Sony Xperia XA2 review: Sony is now serious about mid-range

The Sony Xperia XA2 is the latest in a long line of Sony phones I’ve reviewed since joining Alphr and, in looking it up for this article, that includes a couple I don’t even remember holding. The weird string of numbers and letters, the familiar angular shape, the reliable (but often overpriced) devices and the inevitable conclusion that “it’s alright, but you’re probably better off buying the cheaper/better X, Y or Z” mean that few have stood out.

Th XA2, however, is the first Sony device since the charming Xperia Z5 Compact that I’ve actually kept using for a while after the review has been filed and published. It’s a nippy, smart-looking phone and, unusually for a mid-range Sony device, entirely reasonably priced.

This feels like Sony taking the midrange market seriously and, given how competitive things are at the top end right now, where the company insists that its 4K magic beans may one day grow into something to rival a Samsung, that might just be a masterstroke.

READ NEXT: Sony Xperia XA2 Ultra review

Sony Xperia XA2 review: Design[gallery:2]

If you’ve seen any Sony phone in the last three or four years, you know what to expect, because on design it has barely moved. The sides are slightly more rounded this time around but it’s still angular – closer to a brick than many modern phones but a rather sleek, thin brick. It can feel a little pointy in the hand or pocket but not as much as the larger XA2 Ultra or older Sony models for that matter.

Despite the angles, it looks premium, just a touch more austere and – dare I say it – business-like than rivals at this price. If there’s one big positive to take from Sony’s rigid consistency of style, it’s that there’s not much to separate this from the more expensive XZ models from the outside. The fingerprint sensor has been moved to a slightly less useful position (it’s on the backplate, rather than the side) but you’d have to be a real smartphone obsessive to spot that from 20 paces.

The bezel tops and tails the screen but, to the left and right, the screen stretches most of the way to the edges. USB Type-C charging is here, of course, as is a 3.5mm headphone jack. There’s also room for microSD card expansion, although bafflingly you mount the card in a fiddly, spring-lock slot rather than a tray, despite it sitting under the same cover as the tray-based SIM card.[gallery:4]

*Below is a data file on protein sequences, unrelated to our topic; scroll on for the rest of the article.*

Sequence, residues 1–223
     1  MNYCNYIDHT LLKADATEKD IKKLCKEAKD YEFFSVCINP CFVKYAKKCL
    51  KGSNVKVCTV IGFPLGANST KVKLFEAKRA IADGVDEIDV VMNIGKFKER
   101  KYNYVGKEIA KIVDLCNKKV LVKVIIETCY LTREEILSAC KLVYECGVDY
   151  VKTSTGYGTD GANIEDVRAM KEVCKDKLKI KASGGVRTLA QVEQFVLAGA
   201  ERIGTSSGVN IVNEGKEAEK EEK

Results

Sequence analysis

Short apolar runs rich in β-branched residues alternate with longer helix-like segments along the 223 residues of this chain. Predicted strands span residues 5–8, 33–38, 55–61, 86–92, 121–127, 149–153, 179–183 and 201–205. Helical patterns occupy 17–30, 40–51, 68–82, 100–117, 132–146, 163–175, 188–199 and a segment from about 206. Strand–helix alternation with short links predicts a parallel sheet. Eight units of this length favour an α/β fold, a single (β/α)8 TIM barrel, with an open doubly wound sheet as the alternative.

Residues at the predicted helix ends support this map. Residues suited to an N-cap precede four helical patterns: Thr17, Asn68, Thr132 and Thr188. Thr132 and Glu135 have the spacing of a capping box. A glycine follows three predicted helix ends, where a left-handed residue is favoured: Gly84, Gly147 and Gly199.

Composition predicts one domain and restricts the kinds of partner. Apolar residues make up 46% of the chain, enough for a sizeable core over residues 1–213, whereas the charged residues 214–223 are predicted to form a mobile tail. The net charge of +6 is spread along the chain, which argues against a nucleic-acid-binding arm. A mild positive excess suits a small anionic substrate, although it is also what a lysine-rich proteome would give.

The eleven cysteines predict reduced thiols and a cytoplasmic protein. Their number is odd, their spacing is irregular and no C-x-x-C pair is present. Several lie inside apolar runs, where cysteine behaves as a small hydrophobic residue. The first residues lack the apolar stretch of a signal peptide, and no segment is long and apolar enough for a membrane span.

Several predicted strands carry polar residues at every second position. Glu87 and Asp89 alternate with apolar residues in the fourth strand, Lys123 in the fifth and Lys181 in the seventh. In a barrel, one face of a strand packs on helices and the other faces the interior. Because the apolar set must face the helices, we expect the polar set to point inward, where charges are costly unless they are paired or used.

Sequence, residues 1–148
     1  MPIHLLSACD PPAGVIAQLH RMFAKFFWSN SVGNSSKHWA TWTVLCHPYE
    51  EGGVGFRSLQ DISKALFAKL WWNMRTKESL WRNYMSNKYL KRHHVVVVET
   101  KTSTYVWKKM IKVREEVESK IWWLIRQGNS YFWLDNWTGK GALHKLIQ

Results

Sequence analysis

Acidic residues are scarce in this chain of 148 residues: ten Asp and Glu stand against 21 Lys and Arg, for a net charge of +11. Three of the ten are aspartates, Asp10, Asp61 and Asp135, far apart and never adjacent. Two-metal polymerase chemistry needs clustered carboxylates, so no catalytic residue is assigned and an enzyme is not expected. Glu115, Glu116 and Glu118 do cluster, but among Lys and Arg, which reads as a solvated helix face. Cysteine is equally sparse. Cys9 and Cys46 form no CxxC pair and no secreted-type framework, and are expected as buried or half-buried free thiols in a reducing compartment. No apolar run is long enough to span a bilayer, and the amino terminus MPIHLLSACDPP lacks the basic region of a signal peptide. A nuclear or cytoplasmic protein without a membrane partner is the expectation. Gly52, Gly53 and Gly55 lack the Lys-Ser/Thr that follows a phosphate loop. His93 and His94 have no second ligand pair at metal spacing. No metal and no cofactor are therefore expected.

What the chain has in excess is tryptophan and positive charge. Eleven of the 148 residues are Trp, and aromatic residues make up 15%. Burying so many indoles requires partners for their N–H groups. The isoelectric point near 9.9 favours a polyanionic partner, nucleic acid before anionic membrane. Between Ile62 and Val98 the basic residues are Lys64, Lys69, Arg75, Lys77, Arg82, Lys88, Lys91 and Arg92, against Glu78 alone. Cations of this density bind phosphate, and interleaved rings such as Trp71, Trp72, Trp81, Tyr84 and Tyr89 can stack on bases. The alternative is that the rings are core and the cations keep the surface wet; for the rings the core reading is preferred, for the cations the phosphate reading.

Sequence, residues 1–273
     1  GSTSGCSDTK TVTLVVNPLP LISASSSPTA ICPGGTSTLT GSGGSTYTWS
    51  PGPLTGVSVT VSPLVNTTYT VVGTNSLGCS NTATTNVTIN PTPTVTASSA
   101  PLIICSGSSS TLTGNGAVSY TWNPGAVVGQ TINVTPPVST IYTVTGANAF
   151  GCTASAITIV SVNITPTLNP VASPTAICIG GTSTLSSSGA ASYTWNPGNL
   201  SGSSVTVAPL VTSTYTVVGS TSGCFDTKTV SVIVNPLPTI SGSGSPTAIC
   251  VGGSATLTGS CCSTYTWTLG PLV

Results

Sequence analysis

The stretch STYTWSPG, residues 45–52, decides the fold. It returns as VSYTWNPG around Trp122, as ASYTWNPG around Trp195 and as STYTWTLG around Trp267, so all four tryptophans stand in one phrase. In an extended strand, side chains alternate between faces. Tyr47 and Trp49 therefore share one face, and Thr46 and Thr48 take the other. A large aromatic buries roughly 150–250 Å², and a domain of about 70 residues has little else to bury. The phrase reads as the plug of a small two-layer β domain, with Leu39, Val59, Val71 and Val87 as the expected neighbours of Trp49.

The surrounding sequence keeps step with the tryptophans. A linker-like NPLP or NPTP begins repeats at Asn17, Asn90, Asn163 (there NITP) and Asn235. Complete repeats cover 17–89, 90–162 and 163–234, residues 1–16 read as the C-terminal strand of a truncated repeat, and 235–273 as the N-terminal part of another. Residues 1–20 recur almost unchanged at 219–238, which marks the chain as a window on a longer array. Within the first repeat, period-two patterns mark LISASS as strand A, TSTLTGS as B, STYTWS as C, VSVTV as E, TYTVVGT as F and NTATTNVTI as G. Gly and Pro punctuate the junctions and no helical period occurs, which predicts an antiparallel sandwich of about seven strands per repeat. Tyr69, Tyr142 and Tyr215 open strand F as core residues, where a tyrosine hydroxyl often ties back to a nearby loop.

You might think this makes it easier to access your microSD card, but no – remove the cover, and your SIM card comes out too and, this being a Sony phone, that causes your phone to restart. Still, this is only a minor inconvenience, so it’s hardly the end of the world.

One other (very minor) issue I have with the design is the speaker grate at the top, which is deep but thin. The thinness makes it almost invisible, were it not for the grit and muck it seems to attract. And because it’s so thin, it’s quite hard to keep clean.

Sony Xperia XA2 review: Display[gallery:8]

If you’ve been enviously looking at those new-fangled 18:9 screens, then you’ll want to look elsewhere (may I suggest the Honor 7X, which has this in the same price bracket). If you’re happy with the classic 1080p 16:9 display then the Xperia XA2 is a very solid performer.

The phone is only 5.2in in size, which would have sounded gigantic a few years ago but time waits for no handset, meaning that 1080p is ample. Seriously, it’s fine. Unless you plan to dig deep into VR you won’t notice the difference between this and something with many more pixels. I wouldn’t normally hammer this point quite so aggressively, but there’s a chance someone from Sony will be reading and I want to emphasise that their pursuit of 4K on small screens is utterly pointless.

Anyway, you’re a sensible type so you know that a good screen comes down to three things: sRGB coverage, brightness and contrast. And on every metric, the XA2 punches well above its £300 weight. With the default “Super Vivid” display mode engaged, 96.5% of the sRGB colour spectrum is covered, with a respectable contrast of 1,167:1. A peak brightness of 507cd/m2 means it’s also perfectly readable on a sunny day and that’s really all you can ask for.

Compared with the aforementioned Honor 7X, it’s considerably more vibrant but has less contrast. You can pick which is more important to you, but personally, I’d back the Xperia, all else being equal.